Chris is the Director of Media for C4 Recovery Solutions. In his role with C4, he has been tasked with hosting and developing the webcast show, The Afflicted and Affected, interviewing leaders in the addictive illness field and other interesting personalities revolving around the recovery world.
I recently read a post on a Linked-In Group by a treatment professional I found very disturbing. He reported that when you look at the statistics for 12 step fellowships, you will see that the success rates are in the single digits. It stated that 12 step fellowship success is at about the same rate as if you gave someone a placebo. I completely disagree with this statement and here is why: It is impossible to quantify the spiritual experience or personality change that brings about recovery.
One thing that becomes apparent when you actually participate in the 12 step recovery process is that those who “actually” become consistent with meetings, “actually” work/take the steps with a sponsor or spiritual advisor and then “actually” intensively work with others see almost no relapse. This work is the suggested recovery process, not meeting attendance alone.
In my observation of sponsoring individuals for the past 20 years, the permanent success rate for the individuals who practice these three things consistently is very high – over 90% recover and stay sober. Is this something that can be tested? Are there accurate studies or statistics on this? Not really. The difficulty lies within the ability to quantify a spiritual awakening in a scientific way. I have never seen the data measured but the outcome is observable by someone who is experienced with the steps and can see the difference in those who actually participate in their own recovery versus those who do not.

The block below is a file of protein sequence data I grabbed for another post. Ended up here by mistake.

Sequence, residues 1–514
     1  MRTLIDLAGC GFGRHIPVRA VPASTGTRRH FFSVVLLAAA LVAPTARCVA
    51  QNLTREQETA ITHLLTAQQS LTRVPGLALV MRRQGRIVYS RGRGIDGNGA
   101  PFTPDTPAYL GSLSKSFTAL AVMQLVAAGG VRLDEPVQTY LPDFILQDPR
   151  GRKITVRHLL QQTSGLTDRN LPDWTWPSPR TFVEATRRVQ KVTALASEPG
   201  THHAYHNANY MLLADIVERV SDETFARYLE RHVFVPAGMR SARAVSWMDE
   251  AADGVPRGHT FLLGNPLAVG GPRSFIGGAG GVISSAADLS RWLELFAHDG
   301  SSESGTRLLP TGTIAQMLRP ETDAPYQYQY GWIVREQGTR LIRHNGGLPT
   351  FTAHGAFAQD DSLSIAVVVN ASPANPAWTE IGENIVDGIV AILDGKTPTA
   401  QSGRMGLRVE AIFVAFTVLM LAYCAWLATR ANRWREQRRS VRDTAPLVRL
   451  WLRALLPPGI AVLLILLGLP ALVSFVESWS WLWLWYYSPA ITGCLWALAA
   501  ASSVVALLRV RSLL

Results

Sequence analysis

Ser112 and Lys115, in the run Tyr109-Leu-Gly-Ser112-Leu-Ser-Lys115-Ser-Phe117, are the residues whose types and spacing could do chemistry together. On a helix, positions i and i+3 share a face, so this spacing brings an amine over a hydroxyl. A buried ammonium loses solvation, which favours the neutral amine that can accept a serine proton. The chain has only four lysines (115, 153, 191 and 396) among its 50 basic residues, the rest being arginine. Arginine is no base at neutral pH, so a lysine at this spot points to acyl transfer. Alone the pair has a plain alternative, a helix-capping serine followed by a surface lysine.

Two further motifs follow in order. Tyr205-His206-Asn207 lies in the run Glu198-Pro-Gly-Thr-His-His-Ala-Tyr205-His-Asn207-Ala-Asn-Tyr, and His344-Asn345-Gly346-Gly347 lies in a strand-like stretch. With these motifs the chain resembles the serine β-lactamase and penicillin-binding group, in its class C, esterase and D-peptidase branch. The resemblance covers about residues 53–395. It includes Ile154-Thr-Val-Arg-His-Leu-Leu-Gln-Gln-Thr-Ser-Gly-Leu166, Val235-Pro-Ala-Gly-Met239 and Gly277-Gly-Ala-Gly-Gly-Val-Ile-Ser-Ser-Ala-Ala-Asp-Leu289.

Fellowship attendees are what make up the data on most 12 step studies and show a low probability of success. That is because simply attending a fellowship meeting does not mean the individual is working a 12 step program. Meeting attendance alone is not a defense against relapse if all one does is to go to meetings. The spiritual awakening resulting in taking the 12 steps and then following a service ethic and action is what promises to offer an individual the power to stay abstinent and recover.
There are currently between 2 and 3 million members of AA in North America and many others still sober but no longer going to AA meetings. Despite that, there are people who say it does not work for 90% of the people who try it.
You cannot say someone going to meetings is “trying AA” any more then you can say people who walked into the waiting room at a hospital but walked out before they could get the operation are “trying” the medical treatment or should be part of the hospitals statistical failure rate.
The question we could ask is “is it in the professional’s best economic interest to recommend the 12 step process?” Most treatment professionals do because they are ethical, experienced and compassionate. Since a spiritual awakening is not measurable, its success can not be quantified but it certainly is observable.